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Promise Fulfilled: Building on What Works for Disadvantaged Youth

Alma Powell examines the school’s place in society and the promises we should be making our children.

 “Schools are not just for education,” said Alma Powell, chair of America’s Promise Alliance, at an Institute Washington Leadership Series lunchtime event. “They are the centers of the community.” Acknowledging that it does indeed “take a village to raise a child,” Powell declared that America has to “meet the needs of children before we can educate them.” To that end, she laid out the five promises to children that her organization advances: All children need (1.) a caring adult in their lives, (2.) a healthy start (from medical care to basic nutrition), (3.) a safe place to go after school, (4.) the opportunity to learn a marketable skill, and (5.) the opportunity to be of service to others.

 Citing community-driven education hubs like the Harlem Children’s Zone, Powell called for schools—especially those in the neediest neighborhoods—to take on the care of children “from cradle to 18” with stand-alone medical clinics, after-school programs, early childhood-development classes, job training, and more. It’s what she called “educare.” Powell also called into question the length of the average school day and year: “There is absolutely no reason kids need to be out of school three months out of every year.”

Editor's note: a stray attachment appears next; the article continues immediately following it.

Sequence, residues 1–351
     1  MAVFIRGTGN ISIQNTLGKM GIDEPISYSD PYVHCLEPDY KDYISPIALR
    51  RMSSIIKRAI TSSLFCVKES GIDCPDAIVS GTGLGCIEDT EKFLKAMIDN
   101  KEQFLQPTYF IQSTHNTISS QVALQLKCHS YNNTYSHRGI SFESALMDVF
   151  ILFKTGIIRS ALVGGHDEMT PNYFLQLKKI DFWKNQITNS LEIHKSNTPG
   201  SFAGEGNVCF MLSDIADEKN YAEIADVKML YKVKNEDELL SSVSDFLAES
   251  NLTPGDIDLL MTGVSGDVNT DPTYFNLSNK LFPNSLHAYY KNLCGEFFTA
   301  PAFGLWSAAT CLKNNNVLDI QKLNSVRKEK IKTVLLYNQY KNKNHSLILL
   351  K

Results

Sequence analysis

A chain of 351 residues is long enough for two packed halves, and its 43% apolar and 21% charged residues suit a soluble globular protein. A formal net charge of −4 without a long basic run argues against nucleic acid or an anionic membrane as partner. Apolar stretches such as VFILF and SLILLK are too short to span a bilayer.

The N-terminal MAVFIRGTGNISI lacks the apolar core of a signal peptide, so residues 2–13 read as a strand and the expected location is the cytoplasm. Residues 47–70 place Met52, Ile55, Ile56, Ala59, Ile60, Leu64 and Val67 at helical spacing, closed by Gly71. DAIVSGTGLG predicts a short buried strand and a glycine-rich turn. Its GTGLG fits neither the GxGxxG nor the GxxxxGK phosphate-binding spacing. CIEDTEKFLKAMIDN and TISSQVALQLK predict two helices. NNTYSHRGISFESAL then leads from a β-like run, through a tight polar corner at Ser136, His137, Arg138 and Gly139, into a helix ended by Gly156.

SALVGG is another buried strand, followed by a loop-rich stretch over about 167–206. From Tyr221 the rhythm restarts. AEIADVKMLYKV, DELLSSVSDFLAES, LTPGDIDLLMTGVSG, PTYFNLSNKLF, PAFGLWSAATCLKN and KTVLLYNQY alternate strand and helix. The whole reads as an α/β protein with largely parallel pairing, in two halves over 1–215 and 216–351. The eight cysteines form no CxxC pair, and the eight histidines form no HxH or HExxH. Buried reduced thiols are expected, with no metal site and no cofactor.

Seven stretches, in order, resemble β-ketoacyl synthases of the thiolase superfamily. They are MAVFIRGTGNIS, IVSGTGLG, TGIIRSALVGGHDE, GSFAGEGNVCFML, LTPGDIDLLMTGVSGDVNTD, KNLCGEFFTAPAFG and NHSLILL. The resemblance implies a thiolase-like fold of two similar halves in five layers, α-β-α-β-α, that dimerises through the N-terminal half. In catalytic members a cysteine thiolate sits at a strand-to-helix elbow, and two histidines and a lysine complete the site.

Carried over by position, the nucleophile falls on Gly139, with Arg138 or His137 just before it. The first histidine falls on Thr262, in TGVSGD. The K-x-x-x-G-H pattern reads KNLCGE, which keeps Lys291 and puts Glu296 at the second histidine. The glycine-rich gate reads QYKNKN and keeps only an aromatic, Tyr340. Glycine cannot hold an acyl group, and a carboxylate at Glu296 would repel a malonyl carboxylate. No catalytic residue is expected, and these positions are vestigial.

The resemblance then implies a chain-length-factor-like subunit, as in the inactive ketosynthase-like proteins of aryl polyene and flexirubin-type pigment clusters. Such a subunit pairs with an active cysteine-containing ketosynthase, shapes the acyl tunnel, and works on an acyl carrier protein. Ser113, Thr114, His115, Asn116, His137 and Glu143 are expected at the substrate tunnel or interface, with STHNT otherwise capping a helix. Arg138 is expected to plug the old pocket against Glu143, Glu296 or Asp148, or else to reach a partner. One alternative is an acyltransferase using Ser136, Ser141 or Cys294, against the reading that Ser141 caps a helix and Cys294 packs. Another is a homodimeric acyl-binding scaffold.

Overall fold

Still, Powell was enthusiastic about the number of incredible programs throughout the country and especially in Washington. She noted the Washington Tennis & Education Foundation, Experience Corps, and the SEED School (the only charter boarding school in the country) as examples of America’s promises at work. “We need to keep these promises in front of America until they become engrained in our minds.”

Event information
Wed May 5, 2010
12:00pm - 2:00pm GMT+0000
Washington, DC, United States